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Population growth is regulated in a variety of ways. These are grouped into density-dependent factors, in which the density of the population affects growth rate and mortality, and density-independent factors, which cause mortality in a population regardless of population density. Wildlife biologists, in particular, want to understand both types because this helps them manage populations and prevent extinction or overpopulation.

Density-dependent regulation

Most density-dependent factors are biological in nature and include predation, inter- and intraspecific competition, and parasites. Usually, the denser a population is, the greater its mortality rate. For example, during intra- and interspecific competition, the reproductive rates of the species will usually be lower, reducing their populations’ rate of growth. In addition, low prey density increases the mortality of its predator because it has more difficulty locating its food source. Also, when the population is denser, diseases spread more rapidly among the members of the population, which affect the mortality rate.

Density dependent regulation was studied in a natural experiment with wild donkey populations on two sites in Australia. David Choquenot, “Density-Dependent Growth, Body Condition, and Demography in Feral Donkeys: Testing the Food Hypothesis,” Ecology 72, no. 3 (June 1991):805–813. On one site the population was reduced by a population control program; the population on the other site received no interference. The high-density plot was twice as dense as the low-density plot. From 1986 to 1987 the high-density plot saw no change in donkey density, while the low-density plot saw an increase in donkey density. The difference in the growth rates of the two populations was caused by mortality, not by a difference in birth rates. The researchers found that numbers of offspring birthed by each mother was unaffected by density. Growth rates in the two populations were different mostly because of juvenile mortality caused by the mother’s malnutrition due to scarce high-quality food in the dense population. [link] shows the difference in age-specific mortalities in the two populations.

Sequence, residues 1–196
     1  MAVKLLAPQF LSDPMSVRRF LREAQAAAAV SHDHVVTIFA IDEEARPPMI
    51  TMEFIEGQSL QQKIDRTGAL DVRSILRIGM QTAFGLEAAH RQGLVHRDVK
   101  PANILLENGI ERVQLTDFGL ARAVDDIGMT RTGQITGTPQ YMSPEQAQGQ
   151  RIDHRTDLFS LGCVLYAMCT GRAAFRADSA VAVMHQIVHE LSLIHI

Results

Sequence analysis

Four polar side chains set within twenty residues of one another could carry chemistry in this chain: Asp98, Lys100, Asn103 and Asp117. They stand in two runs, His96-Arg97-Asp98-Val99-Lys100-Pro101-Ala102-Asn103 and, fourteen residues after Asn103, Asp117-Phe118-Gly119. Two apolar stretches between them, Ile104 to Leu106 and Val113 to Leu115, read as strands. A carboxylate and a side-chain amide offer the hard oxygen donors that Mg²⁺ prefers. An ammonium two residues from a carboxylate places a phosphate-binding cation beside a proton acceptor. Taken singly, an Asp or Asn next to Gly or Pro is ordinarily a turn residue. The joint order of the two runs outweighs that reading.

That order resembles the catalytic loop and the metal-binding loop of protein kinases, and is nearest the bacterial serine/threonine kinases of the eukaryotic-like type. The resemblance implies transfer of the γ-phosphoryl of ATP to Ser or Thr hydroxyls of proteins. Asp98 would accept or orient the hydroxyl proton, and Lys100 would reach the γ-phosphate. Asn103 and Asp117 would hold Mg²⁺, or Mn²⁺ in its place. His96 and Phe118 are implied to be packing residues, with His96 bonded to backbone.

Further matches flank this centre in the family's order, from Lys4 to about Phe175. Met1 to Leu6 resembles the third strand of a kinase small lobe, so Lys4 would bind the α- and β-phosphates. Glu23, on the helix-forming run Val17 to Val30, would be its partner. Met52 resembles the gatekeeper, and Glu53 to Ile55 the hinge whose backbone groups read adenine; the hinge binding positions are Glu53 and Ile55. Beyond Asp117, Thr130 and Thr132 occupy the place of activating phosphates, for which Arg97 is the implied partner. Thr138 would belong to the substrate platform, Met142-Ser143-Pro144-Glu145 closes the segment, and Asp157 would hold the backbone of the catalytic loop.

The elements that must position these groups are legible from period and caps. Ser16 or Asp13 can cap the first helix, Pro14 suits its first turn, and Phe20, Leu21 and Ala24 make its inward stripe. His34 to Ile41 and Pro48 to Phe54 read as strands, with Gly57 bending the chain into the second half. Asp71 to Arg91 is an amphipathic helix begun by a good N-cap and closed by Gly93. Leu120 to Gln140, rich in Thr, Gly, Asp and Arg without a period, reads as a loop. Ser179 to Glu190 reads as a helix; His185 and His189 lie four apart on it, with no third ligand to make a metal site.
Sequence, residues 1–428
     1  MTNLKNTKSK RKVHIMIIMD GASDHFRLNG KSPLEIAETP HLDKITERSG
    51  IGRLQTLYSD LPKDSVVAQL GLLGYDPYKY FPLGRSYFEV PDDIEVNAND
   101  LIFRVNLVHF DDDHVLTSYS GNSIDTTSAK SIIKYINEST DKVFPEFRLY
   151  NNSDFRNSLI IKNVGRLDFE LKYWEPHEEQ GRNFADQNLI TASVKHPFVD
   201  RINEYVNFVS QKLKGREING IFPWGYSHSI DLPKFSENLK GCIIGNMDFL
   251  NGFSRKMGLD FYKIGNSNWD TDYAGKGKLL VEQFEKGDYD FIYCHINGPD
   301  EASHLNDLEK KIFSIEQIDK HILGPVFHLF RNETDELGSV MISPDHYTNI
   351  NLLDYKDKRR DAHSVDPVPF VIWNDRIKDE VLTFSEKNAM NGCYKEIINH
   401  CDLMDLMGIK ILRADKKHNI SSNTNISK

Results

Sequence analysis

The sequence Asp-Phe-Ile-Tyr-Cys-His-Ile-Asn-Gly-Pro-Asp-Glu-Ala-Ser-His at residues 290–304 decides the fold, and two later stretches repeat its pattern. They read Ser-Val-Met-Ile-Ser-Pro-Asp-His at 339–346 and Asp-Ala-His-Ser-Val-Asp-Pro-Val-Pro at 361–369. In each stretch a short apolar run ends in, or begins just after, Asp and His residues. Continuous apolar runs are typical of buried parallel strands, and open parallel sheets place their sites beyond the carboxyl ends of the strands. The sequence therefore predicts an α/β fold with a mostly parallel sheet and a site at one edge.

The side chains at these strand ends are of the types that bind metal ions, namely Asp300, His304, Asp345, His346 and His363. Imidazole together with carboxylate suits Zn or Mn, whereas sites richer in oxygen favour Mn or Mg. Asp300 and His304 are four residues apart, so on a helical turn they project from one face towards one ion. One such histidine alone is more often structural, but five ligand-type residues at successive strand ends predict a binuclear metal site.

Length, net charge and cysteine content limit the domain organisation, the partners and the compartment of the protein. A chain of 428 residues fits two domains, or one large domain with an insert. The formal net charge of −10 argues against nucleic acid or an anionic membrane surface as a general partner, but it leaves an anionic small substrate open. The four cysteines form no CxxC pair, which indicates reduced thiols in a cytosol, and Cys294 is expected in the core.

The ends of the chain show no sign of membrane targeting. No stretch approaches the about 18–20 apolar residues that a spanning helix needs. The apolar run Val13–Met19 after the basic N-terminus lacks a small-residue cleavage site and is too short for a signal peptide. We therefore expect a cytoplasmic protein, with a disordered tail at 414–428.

Graph with mortality rate from 0 to 0.7 on the Y axis and age in years from 0 to greater than or equal to 10.5 on the X axis. The mortality rate for the high-density population starts at about 0.6 at age 0 (near birth) then drops dramatically to about 0.03 at six months old, then climbs in a nearly straight line to reach about 0.2 at the age of 10.5 years. The mortality rate for the low-density population starts at about 0.2 at age 0 (near birth) then drops to about 0.06 at six months old, then gradually climbs only a small amount to reach about 0.1 at the age of 10.5 years.
This graph shows the age-specific mortality rates for wild donkeys from high- and low-density populations. The juvenile mortality is much higher in the high-density population because of maternal malnutrition caused by a shortage of high-quality food.

Density-independent regulation and interaction with density-dependent factors

Many factors that are typically physical in nature cause mortality of a population regardless of its density. These factors include weather, natural disasters, and pollution. An individual deer will be killed in a forest fire regardless of how many deer happen to be in that area. Its chances of survival are the same whether the population density is high or low. The same holds true for cold winter weather.

In real-life situations, population regulation is very complicated and density-dependent and independent factors can interact. A dense population that suffers mortality from a density-independent cause will be able to recover differently than a sparse population. For example, a population of deer affected by a harsh winter will recover faster if there are more deer remaining to reproduce.

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Source:  OpenStax, Concepts in biology (biology 1060 tri-c). OpenStax CNX. Jan 15, 2014 Download for free at https://legacy.cnx.org/content/col11617/1.1
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